Update on Lawfare from The Lawfare Project
New article by LP Research Director Aaron Eitan Meyer: “Qaddafi Arrest Warrants Issued – Who’s Unhappy?”
UN Special Rapporteur Richard Falk has been the subject of considerable condemnation after posting a flagrantly anti-Semitic cartoon along with a blog entry questioning the recent issuance of arrest warrants by the International Criminal Court. The blog entry had previously been published as an article on AlJazeera.net, and LP Research Director Aaron Eitan Meyer explained in Big Peace how the substance of Falk’s article is itself completely inaccurate and misrepresents the situation, including Falk’s misapplication of the term lawfare. The article is available here.
New LP Blog: “‘Victory for freedom of speech’: Geert Wilders acquitted of hate speech by Dutch court”
The Lawfare Project’s latest blog entry discusses the recent acquittal of Dutch politician Geert Wilders, who was found not guilty of hate speech and discrimination against Muslims after a three-year prosecution. The entry, written by Lawfare Project associate Benjamin Ryberg, explains why the holding is a triumph against lawfare aimed at chilling free speech, and then examines both the OIC’s (Organisation of Islamic Cooperation) statement regarding the holding and Wilders’s response to the OIC. The entry is available on The Lawfare Project’s website here.
The following recent articles will serve to illustrate how lawfare is continuing to manifest around the world.
Please note that third-party articles do not necessarily reflect the views of The Lawfare Project, and the inclusion of article summaries does not necessarily constitute endorsement of any views taken therein.
a. Lawfare implications of Unilateral Palestinian action
Although lawfare is by no means limited to the sphere of the Arab-Israeli Conflict, it does consistently manifest in that context, to the point where some incorrectly define lawfare narrowly within the Arab-Israeli paradigm. In light of a proposed initiative to unilaterally attain Palestinian statehood, R. Gavinson, Y. Zilbershats and N. Gore review the potential legal foundations of the Palestinian claims for the right of return and conclude that it has never had and does not have any basis in international law, in an article in The Jerusalem Post. An article by Pinhas Inbari from the Jerusalem Center for Public Affairs entitled “What are the Palestinians Planning after September?” analyzes other legal actions Palestinians hope to take after their September initiative, including subsequent utilization of their state status to prosecute Israel in international tribunals.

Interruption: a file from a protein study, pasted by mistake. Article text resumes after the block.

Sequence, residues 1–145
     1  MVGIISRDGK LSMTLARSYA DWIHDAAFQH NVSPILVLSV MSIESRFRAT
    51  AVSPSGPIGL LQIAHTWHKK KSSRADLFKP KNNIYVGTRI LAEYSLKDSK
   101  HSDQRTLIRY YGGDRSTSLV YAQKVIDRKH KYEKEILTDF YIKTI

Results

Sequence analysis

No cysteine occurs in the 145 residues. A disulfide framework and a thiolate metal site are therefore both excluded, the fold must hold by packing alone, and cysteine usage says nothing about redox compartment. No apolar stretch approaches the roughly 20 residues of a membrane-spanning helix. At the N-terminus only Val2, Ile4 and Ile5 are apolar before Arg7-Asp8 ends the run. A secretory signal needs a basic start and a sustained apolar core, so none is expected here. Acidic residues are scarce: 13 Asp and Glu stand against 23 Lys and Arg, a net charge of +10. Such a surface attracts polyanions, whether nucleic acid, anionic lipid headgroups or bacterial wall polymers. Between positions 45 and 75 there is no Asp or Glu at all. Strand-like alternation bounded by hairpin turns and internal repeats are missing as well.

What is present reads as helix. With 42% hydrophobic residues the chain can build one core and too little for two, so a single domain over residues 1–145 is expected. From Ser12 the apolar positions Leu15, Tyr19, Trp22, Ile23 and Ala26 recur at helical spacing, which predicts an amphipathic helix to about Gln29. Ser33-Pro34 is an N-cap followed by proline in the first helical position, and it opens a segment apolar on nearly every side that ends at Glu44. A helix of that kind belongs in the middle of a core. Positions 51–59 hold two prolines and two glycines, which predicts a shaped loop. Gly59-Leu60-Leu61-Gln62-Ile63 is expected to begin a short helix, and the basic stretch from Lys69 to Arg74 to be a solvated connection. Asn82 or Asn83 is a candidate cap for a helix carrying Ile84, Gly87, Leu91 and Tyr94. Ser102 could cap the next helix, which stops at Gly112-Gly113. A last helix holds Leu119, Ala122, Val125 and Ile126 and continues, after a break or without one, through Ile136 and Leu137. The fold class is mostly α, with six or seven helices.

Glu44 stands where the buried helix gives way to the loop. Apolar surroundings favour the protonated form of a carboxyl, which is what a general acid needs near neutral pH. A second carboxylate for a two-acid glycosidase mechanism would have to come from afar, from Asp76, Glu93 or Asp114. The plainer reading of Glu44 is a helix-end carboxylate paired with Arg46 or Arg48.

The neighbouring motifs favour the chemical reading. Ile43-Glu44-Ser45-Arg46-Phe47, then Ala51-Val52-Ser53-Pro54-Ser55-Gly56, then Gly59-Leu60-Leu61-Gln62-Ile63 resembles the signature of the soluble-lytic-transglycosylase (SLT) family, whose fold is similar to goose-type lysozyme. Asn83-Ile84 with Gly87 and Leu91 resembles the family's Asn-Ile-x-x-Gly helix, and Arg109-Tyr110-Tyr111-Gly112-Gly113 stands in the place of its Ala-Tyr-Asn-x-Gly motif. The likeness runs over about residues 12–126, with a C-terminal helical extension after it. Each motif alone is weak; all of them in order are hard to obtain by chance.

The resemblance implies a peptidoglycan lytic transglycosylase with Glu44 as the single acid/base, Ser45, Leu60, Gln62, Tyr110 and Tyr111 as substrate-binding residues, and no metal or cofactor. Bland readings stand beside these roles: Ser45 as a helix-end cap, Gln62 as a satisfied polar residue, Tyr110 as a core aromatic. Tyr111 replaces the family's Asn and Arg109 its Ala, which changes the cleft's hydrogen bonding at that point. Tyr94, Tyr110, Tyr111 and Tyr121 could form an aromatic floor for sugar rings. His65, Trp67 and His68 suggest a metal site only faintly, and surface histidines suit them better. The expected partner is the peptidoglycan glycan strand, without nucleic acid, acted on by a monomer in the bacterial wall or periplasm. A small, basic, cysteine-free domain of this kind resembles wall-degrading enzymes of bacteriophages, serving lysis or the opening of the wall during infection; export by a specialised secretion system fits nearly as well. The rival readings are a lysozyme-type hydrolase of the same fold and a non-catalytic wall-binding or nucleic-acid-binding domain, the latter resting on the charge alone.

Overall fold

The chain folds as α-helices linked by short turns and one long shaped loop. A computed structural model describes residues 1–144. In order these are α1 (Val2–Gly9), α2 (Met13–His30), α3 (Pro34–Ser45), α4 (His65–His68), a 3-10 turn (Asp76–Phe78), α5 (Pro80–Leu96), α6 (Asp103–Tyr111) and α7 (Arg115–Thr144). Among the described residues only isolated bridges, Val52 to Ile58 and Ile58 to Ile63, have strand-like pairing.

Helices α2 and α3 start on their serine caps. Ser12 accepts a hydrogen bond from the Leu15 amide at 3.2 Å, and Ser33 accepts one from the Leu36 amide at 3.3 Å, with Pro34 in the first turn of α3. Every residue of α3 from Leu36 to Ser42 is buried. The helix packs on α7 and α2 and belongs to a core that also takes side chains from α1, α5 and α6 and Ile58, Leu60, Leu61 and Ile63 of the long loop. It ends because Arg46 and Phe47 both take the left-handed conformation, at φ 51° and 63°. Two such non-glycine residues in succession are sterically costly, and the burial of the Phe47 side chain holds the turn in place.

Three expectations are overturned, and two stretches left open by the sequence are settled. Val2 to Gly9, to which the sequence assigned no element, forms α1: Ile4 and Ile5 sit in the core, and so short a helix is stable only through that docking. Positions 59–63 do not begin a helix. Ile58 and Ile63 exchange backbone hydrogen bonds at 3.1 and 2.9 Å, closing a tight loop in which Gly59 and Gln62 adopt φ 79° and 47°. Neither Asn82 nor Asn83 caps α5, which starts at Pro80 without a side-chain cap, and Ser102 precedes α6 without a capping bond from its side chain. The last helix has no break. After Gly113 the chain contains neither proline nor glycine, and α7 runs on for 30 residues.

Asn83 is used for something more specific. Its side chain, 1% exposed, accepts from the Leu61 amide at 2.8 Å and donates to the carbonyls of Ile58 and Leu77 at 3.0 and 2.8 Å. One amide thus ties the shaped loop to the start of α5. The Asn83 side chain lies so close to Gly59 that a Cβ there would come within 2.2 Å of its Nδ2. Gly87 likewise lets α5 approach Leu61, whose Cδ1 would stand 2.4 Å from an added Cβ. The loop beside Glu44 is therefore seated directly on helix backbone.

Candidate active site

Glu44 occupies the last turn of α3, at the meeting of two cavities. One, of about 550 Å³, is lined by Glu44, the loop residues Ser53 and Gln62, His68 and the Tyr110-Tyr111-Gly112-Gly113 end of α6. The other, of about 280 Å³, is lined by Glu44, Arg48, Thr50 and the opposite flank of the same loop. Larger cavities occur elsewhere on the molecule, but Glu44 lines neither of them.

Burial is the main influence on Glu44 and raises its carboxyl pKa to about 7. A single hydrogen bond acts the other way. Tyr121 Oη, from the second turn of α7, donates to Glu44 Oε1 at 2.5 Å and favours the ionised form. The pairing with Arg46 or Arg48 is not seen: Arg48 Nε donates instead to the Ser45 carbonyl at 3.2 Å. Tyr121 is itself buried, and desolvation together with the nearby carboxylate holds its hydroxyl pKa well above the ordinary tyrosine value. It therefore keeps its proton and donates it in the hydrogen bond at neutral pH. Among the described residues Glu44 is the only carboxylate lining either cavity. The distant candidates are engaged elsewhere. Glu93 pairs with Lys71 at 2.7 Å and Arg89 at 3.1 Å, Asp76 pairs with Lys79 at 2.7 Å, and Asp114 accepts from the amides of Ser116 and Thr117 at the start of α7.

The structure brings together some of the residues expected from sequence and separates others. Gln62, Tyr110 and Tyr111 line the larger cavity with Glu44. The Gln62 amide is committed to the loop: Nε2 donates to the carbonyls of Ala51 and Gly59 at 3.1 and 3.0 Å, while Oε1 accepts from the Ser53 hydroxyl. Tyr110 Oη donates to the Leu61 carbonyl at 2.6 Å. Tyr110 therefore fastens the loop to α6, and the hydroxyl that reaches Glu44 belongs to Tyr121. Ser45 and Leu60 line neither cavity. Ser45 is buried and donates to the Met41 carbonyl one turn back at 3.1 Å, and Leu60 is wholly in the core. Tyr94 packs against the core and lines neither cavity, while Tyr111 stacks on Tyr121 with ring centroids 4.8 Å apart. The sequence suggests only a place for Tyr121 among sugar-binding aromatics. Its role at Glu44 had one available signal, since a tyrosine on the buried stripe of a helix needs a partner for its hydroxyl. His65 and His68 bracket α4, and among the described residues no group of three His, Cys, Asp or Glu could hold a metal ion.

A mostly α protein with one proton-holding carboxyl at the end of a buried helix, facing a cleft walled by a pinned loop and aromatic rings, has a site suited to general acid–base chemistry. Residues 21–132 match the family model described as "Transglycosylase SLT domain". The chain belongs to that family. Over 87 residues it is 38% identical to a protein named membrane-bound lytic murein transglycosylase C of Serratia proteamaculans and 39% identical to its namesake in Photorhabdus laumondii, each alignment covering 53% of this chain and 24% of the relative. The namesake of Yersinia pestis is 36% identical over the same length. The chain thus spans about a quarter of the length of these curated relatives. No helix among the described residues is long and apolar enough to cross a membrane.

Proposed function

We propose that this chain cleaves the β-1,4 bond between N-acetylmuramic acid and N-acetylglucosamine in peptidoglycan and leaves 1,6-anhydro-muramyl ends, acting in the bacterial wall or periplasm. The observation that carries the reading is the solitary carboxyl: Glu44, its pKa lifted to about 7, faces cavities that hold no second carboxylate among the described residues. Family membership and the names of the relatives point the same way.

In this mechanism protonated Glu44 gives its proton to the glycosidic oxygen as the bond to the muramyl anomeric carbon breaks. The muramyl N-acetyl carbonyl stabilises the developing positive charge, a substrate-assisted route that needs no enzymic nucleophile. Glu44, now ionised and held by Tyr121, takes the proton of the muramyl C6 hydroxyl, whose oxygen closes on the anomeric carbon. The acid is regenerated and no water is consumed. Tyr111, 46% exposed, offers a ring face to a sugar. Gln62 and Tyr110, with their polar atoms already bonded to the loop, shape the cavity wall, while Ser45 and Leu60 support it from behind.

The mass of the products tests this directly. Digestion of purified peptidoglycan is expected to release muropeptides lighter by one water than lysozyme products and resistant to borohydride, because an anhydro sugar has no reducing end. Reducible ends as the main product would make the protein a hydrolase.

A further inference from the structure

b. Iran Attempting Lawfare against the US
In a perfect example of how lawfare tactics developed against Israel may be subsequently employed against officials of other governments, CNN.com reports that Iranian officials announced plans to prosecute twenty-six high-ranking American officials within the Department of Defense who oversaw US military actions in Iraq and Afghanistan. In form, the Iranian plan follows prior use of European courts to file ‘war crimes’ charges against Israeli and American officials. However, unlike charges brought in Europe, any decisions reached by Iranian courts are highly unlikely to have any substantial effect elsewhere, or to be recognized as legitimate. The article is available in its entirety here.